Amortization is when you take your debt and make a payment schedule, calculating each payment amount until it’s paid off entirely. This is usually in reference to any type of a loan that has added interest.
What Exactly is Amortization?
To “amortize” literally means “to kill it off”, so this term is specifically for those who are paying off their debt in the form of fixed payments. Amortization can be used for large expenses in business, but with the same concept in that it’s done in increments. For example, a business will make a large investment that is expected to bring in a large ROI (return on investment) over several years. Businesses will write off the expense incrementally over years instead of writing off such a large investment purchase all at once. More commonly, amortization is also used for loans such as student loans, home mortgages, auto loans, etc.
If you’re looking to see what your monthly payment will be if you borrow a certain amount, there are many resources online that are free. All you have to do is input the principal (the amount that you are borrowing/want to borrow), the interest rate, and how many payments. Different mortgage types have different term lengths, but since amortization only applies to fixed interest rate mortgages, it will most likely be 15 or 30 years unless you and the lender decided on a different term. Once you enter all of this information, you can see how much each payment will be. You will also get a breakdown of how much of each payment will go towards the principal and the interest.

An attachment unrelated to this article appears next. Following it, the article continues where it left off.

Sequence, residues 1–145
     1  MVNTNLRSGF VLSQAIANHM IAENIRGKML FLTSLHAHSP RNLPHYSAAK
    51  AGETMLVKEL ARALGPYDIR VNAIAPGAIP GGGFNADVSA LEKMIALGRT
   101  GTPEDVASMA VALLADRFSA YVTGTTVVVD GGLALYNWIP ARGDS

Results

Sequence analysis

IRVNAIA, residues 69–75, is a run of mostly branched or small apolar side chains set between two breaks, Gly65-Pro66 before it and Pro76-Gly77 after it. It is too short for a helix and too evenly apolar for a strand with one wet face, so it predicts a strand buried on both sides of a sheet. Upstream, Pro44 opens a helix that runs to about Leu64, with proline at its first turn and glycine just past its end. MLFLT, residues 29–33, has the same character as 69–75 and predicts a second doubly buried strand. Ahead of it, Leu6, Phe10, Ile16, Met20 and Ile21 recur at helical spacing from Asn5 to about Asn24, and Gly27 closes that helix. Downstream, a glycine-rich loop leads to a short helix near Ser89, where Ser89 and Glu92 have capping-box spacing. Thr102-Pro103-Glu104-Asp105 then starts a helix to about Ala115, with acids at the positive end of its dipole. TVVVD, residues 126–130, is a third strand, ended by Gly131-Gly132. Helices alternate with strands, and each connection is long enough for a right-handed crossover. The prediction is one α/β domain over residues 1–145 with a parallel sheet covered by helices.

You’ll see that for the earlier payments, the majority of your monthly payments are going to interest. When deciding between a 15-year fixed and a 30-year fixed, you’ll see that a shorter term will result in building equity much faster. With a 30-year fixed, the first 12 years’ monthly payments have the majority of the payment amount going to interest.
Why Does My Math Look Wrong?
If you’re going to be paying the same amount every single month until the loan is paid off and the interest rate is fixed, why is there a need for a fancy formula (yes, there’s a formula to calculate each payment)? You could easily get the interest rate, multiply that by the principal, add that amount to the principal and divide it by the amount of payments, right? Wrong.
The reason why that isn’t the case, is because with amortization the interest rate isn’t for the entire loan. The interest rate is actually the monthly rate. When you take the interest rate and divide it by 12 (for the amount of months there are in a year) and multiply it by the principal, the total interest you pay will be more.
Yes, it is ideal that everyone can buy homes in cash and in full, but it isn’t common. Most people don’t have that kind of money lying around. Thankfully, mortgages allow us to purchase homes and pay it off in installments. Paying a lot in interest isn’t ideal, but sometimes having property to call your own is worth it. If it’s something that you can afford, getting a mortgage with a short term would be best because you pay significantly less in interest.